There’s been a flurry of activity around the BP oil spill – both in the Gulf and in Washington DC. BP continues to pump mud into the gushing well in an attempt to plug the leak. FSRN’s Leigh Ann Caldwell has more on that and other developments.


EPA to regulate Texas air quality citing problems in state oversight
The US Environmental Protection Agency has announced that as of July 1st, pollution regulators in the state of Texas cannot issue permits without prior approval from the federal agency. Texas is home to a massive petrochemical industry with dozens of refineries located down the length of the state’s coastline. Health advocates and environmental activists have criticized the Texas Commission on Environmental Quality for years as negligent and ineffective in its official regulatory role. Now the EPA says the state’s system of regulation has failed to comply with the Clean Air Act.

Joining us on the line from Houston is environmental attorney Jim Blackburn. He’s with the firm Blackburn & Carter, and has over three decades of experience in health and environmental litigation.


Amnesty report faults powerful governments for “global justice gap”
In its annual assessment of human rights abuses around the world, Amnesty International says powerful governments are creating a global justice gap, by blocking international court cases, shielding allies from criticism and failing to act on human rights violations. The report, released yesterday, documents abuses in 159 countries and finds fault in the handling of possible war crimes in Sri Lanka, a lack of accountability for the conflict in Gaza, and an increase in forced evictions throughout Africa. The report also points out a sharp rise in incidents of racism and xenophobia in Europe and Central Asia.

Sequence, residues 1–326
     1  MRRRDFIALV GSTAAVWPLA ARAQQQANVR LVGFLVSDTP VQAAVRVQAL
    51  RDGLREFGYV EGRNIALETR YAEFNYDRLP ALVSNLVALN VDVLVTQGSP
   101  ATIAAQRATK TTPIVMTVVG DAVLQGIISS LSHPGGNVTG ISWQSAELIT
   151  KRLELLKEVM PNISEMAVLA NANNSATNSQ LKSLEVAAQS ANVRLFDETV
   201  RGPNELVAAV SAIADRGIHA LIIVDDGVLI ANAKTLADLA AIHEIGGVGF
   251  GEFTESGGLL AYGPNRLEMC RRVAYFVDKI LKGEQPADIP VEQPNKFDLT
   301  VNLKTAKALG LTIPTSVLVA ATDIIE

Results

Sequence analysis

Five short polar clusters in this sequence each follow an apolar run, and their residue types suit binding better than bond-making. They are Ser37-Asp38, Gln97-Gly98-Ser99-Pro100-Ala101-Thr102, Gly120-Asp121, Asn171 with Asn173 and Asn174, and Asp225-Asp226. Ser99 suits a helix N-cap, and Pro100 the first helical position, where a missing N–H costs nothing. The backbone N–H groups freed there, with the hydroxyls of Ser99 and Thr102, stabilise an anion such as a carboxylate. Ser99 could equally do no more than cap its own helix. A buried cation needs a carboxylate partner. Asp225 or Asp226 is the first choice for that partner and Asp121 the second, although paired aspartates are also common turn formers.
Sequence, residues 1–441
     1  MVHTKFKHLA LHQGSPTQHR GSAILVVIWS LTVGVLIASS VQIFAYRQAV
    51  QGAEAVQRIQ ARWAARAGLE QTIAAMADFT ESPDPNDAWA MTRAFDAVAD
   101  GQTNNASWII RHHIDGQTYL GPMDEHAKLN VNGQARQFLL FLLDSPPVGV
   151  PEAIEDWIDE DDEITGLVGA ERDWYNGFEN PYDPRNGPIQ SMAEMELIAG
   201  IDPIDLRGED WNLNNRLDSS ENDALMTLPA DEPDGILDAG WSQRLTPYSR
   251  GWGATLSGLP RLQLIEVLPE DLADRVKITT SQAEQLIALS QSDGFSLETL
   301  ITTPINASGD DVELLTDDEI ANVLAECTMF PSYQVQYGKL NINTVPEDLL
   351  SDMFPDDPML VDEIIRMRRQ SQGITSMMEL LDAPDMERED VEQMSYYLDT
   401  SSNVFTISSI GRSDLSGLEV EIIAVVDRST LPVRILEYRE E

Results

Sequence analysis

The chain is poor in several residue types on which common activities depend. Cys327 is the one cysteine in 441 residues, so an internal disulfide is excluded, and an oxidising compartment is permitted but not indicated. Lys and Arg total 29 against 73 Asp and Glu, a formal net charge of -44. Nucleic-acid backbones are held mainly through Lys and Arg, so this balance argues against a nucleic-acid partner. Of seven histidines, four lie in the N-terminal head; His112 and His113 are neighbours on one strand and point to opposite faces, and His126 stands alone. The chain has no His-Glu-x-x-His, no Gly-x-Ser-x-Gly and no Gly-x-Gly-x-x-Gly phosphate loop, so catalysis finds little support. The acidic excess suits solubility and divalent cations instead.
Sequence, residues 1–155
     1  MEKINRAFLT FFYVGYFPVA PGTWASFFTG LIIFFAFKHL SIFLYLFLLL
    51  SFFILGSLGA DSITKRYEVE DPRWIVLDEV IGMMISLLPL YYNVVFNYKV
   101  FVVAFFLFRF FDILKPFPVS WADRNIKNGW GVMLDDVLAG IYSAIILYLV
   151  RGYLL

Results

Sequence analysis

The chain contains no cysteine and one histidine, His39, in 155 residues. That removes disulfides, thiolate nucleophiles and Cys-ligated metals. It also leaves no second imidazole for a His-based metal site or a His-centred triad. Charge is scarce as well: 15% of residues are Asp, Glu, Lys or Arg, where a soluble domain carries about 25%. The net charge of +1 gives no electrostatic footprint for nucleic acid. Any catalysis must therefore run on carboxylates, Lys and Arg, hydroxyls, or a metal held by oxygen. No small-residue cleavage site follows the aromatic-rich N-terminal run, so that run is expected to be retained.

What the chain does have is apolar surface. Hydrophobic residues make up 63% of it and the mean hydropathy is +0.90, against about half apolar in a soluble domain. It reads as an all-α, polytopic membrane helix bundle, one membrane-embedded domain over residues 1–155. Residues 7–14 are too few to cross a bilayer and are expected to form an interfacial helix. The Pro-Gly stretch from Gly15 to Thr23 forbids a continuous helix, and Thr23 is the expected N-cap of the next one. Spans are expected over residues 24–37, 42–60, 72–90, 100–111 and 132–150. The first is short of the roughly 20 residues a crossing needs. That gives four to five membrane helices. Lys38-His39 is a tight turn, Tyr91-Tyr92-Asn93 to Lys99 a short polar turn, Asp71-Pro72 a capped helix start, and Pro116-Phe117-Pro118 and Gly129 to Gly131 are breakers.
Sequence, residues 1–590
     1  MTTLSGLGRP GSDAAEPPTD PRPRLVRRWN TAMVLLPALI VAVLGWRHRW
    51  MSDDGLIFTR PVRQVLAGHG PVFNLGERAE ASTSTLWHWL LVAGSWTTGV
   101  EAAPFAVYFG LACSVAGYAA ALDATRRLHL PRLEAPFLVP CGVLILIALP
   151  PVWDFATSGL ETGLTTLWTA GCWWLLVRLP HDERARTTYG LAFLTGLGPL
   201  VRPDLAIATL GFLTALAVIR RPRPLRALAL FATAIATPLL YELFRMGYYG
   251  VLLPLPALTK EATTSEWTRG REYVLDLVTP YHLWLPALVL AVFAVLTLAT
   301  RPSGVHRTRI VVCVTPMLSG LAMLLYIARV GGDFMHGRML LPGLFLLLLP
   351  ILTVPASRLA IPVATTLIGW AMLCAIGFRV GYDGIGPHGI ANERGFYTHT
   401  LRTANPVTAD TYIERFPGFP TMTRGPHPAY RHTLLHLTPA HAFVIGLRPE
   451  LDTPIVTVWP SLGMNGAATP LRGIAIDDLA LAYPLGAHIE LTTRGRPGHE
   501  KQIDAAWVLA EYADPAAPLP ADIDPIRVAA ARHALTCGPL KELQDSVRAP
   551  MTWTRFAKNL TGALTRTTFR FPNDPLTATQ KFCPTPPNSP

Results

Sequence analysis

Interim Secretary General for Amnesty International Claudio Cordone said the concept of justice needs to be expanded.

“Justice is not only about not being tortured, about being free to express your views and so on, justice is about being able to go to school, to have access to clean water, to have access to a decent health system.”

Cordone said that without an effective system of justice and accountability, those basic rights continue to face threats.

To access Amnesty International’s full report, State of the World’s Human Rights:


Sentencing Commission takes up issue of race in mandatory drug penalties
When it comes to drug charges, race continues to be the deciding factor on who goes to jail and for how long. That’s according to expert testimony heard today before the United States Sentencing Commission. The testimony comes a week after the Obama Administration released a memo updating sentencing guidelines. FSRN’s Karen Miller reports.


Green party candidate emerges in Colombia’s presidential race
Colombia will hold presidential elections this Sunday. Voters in the South American country of some 45 million can choose between nine candidates who have promised solutions to problems such as poverty and unemployment and how to deal with the country´s drug traffickers and rebel groups. As Manuel Rueda reports, an unusual candidate from the country´s green party has emerged as a dark horse favorite.